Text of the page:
Program Type:Online Program
The Race to Save the Titanic
One hundred and sixty minutes. That was all the time rescuers had before the largest ship in the world slipped beneath the icy Atlantic. There was amazing heroism and astounding incompetence as the most advanced ship in history sank by inches, taking luminaries from all over the world down with it. A network of wireless operators on land and at sea desperately sent messages across the dark, frozen North Atlantic to mount a rescue mission. More than 28 ships from four countries were involved in the rescue of Titanic survivors. It was the largest such operation to date and saved 710 people.
The race to save the largest ship in the world revealed both heroes and villains. At the heart of the rescue were two young Marconi operators aboard the Titanic, Jack Phillips and Harold Bride. They tapped furiously to send electromagnetic waves into the night as their room slanted toward the icy depths. It wasn't until the freezing water was around their ankles that they plunged into the sea to save themselves.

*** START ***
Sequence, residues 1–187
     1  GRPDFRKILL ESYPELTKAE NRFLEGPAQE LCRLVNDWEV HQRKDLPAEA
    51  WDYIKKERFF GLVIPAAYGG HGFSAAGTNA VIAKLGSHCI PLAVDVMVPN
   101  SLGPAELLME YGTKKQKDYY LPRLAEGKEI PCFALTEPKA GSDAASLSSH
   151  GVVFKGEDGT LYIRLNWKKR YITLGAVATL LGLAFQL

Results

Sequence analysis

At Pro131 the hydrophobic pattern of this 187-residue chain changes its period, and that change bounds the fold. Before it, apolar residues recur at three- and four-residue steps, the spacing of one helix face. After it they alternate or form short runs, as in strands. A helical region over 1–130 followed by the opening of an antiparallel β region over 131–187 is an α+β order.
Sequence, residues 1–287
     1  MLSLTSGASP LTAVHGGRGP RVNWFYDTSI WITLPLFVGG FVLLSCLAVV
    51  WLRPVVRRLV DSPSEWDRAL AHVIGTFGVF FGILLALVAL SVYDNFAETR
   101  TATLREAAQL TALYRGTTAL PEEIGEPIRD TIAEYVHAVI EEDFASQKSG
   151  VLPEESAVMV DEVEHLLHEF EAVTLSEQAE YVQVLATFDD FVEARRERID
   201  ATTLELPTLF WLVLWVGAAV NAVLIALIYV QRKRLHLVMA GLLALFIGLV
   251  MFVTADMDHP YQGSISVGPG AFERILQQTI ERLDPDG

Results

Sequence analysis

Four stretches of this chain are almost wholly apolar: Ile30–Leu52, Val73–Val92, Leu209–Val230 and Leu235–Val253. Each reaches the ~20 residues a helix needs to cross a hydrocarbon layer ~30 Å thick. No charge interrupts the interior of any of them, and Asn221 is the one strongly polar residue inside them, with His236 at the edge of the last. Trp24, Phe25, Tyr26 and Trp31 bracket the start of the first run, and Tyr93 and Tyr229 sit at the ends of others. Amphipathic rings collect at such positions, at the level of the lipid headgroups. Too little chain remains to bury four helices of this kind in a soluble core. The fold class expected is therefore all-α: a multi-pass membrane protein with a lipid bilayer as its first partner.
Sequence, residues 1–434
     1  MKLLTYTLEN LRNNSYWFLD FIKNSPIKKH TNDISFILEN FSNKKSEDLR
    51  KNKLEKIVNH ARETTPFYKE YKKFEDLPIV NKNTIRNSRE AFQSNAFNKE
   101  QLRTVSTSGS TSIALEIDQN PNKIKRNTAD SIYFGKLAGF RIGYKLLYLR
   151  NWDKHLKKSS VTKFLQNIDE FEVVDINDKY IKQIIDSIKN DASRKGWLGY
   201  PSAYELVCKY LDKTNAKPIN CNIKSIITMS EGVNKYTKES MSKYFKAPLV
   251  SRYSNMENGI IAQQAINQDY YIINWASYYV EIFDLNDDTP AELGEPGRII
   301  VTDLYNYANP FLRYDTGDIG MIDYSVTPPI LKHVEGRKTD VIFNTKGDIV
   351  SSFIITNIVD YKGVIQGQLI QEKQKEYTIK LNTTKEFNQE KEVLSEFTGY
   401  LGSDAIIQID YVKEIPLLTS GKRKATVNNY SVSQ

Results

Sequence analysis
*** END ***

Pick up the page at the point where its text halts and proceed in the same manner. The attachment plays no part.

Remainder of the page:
Based on his book One Hundred Sixty Minutes, author William Hazelgrove explores the most extensive rescue operation in maritime history and how it was executed using the cutting-edge technology of the time -- wireless.
William Hazelgrove is the National Bestselling author of ten novels and twelve narrative nonfiction titles. His books have received starred reviews in several publications, such as Publisher Weekly, Kirkus, and Booklist. He was the Ernest Hemingway Writer in Residence where he wrote in the attic of Ernest Hemingway’s birthplace from 1998 to 2008. He has written articles and reviews for USA Today, The Smithsonian Magazine, and other publications.
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